If handmade soaps and locally sourced trinkets are your wheelhouse, you’ll get lucky at Ladybug Boutique.

c/o Karina Austin

There’s no better word to describe Ladybug Boutique than “cozy,” thanks to its fragrant candles and soft classical music. A cozy home is indeed what Amy Becker, owner of Ladybug Boutique, hopes to create for her customers.

Located on Middletown’s College Street, Ladybug Boutique, while inconspicuous from the outside, is in fact packed with quaint items. Becker makes sure to fill every corner of her store with something unique and interesting. As a result, candles, scrapbooks, soaps, lotion, jewelry, and, of course, ladybug-shaped items beam under the florescent light like piles of treasure. They don’t necessarily exude luxury, but they guarantee a feeling of comfortable satisfaction. When asked about her favorite item, Becker couldn’t choose just one.

“I don’t really have a favorite,” Becker said. “I like almost everything in here because I handpick what’s in here, so I feel like it’s ‘Amy’s Favorite Things.’”

Focused on stocking homemade and locally produced goods, Becker mainly sells items made in Connecticut. In addition, she loves shopping and believes it should be a fun experience. She carries this philosophy to her business management, and she aims to create personal shopping experiences for members of the Middletown community.

“I always say gifts, candles, and home decor, but I think [that the store] is—I want it to be—a homely, little, mommy-run, unique gift store,” Becker said. “That’s something that you can’t find at Walmart, Target, and all of those stores. It’s where you go and find that special, unique gift or that something special for your apartment or house.”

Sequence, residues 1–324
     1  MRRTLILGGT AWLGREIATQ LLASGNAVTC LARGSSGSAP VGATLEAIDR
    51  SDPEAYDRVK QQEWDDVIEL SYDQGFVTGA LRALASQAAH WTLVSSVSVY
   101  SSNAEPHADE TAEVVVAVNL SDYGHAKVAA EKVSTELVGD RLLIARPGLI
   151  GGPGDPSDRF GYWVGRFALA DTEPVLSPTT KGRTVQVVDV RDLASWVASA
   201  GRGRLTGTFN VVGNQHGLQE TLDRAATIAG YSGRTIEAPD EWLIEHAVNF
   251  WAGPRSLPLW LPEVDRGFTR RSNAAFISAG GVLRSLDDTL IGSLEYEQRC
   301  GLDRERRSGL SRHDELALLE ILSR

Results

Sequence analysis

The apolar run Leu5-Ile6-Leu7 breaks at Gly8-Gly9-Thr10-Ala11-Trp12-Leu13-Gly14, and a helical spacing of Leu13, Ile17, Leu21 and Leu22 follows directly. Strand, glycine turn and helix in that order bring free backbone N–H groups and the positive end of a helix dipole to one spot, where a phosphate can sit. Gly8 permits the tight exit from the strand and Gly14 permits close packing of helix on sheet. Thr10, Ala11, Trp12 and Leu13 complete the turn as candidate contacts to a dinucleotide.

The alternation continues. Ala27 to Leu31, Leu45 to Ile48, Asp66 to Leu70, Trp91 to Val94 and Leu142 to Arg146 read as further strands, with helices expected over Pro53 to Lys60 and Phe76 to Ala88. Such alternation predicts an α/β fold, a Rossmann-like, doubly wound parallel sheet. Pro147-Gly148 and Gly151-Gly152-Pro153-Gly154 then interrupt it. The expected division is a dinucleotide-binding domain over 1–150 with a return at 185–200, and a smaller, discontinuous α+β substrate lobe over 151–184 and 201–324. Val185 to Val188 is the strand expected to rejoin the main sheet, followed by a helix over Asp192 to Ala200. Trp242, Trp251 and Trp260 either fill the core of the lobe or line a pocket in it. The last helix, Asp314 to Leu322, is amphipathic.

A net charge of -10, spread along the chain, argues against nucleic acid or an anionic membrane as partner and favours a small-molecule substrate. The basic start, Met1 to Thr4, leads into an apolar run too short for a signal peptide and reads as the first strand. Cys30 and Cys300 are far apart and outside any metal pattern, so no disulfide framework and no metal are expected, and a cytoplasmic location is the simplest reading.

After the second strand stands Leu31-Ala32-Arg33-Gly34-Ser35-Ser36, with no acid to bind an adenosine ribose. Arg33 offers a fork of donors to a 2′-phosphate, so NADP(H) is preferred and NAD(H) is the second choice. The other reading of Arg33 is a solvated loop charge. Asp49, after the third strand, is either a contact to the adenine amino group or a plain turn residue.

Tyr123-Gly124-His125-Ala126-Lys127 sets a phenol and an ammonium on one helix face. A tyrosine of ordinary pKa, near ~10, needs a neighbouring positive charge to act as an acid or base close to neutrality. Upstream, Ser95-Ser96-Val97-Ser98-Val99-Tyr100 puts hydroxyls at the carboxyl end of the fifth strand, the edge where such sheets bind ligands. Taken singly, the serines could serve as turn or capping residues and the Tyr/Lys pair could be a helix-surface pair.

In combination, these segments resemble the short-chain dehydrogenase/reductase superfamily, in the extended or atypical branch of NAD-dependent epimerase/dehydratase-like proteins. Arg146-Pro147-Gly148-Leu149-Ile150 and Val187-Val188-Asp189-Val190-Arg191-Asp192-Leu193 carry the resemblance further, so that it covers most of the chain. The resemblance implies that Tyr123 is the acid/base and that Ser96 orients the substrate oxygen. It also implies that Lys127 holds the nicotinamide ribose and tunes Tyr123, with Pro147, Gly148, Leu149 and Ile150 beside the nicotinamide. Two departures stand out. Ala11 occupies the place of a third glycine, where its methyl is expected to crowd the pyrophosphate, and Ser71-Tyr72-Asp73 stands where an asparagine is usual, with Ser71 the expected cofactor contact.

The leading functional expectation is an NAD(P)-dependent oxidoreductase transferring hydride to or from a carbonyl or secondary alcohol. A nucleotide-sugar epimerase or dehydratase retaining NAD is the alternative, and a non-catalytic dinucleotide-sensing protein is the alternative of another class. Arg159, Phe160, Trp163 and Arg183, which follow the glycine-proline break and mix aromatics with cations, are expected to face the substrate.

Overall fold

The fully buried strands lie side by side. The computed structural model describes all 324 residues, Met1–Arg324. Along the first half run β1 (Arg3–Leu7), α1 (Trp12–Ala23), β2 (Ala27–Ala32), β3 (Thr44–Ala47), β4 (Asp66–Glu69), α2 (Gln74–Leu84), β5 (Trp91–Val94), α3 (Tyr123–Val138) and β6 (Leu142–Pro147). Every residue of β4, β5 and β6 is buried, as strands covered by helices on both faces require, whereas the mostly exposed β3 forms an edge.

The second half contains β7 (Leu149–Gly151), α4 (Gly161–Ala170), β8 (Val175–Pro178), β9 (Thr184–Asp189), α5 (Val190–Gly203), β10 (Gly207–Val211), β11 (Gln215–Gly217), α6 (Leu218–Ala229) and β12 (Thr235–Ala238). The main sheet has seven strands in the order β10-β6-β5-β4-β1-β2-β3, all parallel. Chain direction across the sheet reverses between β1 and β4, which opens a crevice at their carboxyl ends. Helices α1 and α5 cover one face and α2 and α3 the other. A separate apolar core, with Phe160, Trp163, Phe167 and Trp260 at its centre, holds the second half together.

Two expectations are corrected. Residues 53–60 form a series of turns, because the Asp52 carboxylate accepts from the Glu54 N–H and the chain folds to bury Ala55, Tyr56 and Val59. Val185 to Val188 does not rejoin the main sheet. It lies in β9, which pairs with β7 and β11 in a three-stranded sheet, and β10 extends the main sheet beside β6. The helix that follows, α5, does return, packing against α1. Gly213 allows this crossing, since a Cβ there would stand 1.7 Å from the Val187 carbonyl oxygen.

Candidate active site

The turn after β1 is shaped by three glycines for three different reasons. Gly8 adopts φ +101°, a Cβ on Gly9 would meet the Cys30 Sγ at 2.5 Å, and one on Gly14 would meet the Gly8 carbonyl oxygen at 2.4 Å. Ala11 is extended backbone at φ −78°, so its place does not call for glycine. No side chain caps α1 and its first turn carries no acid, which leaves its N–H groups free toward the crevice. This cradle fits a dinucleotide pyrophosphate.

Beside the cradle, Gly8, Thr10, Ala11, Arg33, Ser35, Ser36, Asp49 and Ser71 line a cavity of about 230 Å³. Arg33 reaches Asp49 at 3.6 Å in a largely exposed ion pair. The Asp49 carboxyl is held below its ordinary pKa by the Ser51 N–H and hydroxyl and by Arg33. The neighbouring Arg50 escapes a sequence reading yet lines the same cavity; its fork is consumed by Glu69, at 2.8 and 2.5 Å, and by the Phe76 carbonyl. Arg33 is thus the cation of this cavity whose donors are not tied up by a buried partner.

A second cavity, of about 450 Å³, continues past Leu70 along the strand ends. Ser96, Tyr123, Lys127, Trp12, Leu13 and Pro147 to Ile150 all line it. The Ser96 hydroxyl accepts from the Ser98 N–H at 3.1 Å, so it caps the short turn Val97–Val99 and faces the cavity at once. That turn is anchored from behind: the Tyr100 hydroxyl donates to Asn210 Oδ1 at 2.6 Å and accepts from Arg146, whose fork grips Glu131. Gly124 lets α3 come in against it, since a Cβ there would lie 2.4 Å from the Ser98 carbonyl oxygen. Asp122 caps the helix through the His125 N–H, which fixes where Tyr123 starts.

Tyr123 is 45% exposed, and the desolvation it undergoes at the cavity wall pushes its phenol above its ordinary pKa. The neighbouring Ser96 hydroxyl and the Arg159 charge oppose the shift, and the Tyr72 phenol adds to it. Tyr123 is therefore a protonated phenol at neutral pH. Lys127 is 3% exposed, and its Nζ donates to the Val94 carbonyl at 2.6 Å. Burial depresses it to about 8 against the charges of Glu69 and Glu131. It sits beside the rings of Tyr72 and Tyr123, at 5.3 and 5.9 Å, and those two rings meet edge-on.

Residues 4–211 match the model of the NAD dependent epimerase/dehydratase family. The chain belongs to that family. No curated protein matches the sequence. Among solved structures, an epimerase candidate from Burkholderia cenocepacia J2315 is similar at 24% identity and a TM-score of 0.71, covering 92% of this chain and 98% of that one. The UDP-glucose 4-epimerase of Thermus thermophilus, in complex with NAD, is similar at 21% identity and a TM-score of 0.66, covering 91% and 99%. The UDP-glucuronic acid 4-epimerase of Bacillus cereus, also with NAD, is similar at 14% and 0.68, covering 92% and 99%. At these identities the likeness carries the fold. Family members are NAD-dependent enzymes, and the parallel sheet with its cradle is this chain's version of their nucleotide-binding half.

Ladybug Boutique is a testament not only to Becker’s love of the home but also to her devotion to family. The name comes from Becker’s niece, whom she nicknamed Ladybug. Behind the table counter, where Becker sits and greets her customers, is a wall of drawings created by her daughter. Becker’s family has always been her priority, and her favorite moments in the past eight years of managing the store have been when her children visited it.

“I like that I can be the mommy that I want to be to them and also still be a hard-working business woman at the same time,” she said. “I think it’s hard to find that balance, and I think I found it. I also want to show my daughter that you can do both.”

Ladybug Boutique embodies the merging of Becker’s motherly devotion and her desire to contribute to the community. Through the store, Becker has fundraised for more than half a dozen local organizations, including Middlesex Hospital, Amazing Grace Food Pantry, and several elementary schools and churches.

Although Becker and her husband stumbled upon Middletown by accident more than a decade ago, she has since found her role in the community. From advising customers on finding free parking lots to helping Wesleyan students find the perfect gifts for their mothers and sisters, Becker is always looking for ways to help those she interacts with.

While Becker is keen to serve those in the community, she also possesses bitter criticism for big businesses, which she believe fail to represent the hard work of individuals. Her distrust in large companies has led her to become an advocate for patronizing small local businesses.

“I think [shopping local] is important instead of the big chain stores because shopping here, you are providing milk and food for my family,” she said. “Shopping at Walmart, you’re just providing more money for the rich guy who doesn’t even work there.”

Becker’s support for local commerce also means that Ladybug Boutique will continue to serve the Middletown community. Although Becker and her family now live in East Hampton, she maintains her connection with the community through Ladybug Boutique.

“As long as I have the store, I would keep it in Middletown because I found my little niche,” Becker said. “I just want to be a cute little store that people think of to come get a gift, and they feel comfortable and warm when they are here.”

Comments are closed